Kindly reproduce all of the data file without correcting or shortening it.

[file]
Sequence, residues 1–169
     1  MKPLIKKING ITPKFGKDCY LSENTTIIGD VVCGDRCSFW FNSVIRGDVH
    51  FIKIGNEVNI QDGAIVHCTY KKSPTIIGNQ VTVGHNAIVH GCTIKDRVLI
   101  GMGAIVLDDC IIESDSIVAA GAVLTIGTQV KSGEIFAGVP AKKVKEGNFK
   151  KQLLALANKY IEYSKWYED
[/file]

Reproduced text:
Sequence, residues 1–169
     1  MKPLIKKING ITPKFGKDCY LSENTTIIGD VVCGDRCSFW FNSVIRGDVH
    51  FIKIGNEVNI QDGAIVHCTY KKSPTIIGNQ VTVGHNAIVH GCTIKDRVLI
   101  GMGAIVLDDC IIESDSIVAA GAVLTIGTQV KSGEIFAGVP AKKVKEGNFK
   151  KQLLALANKY IEYSKWYED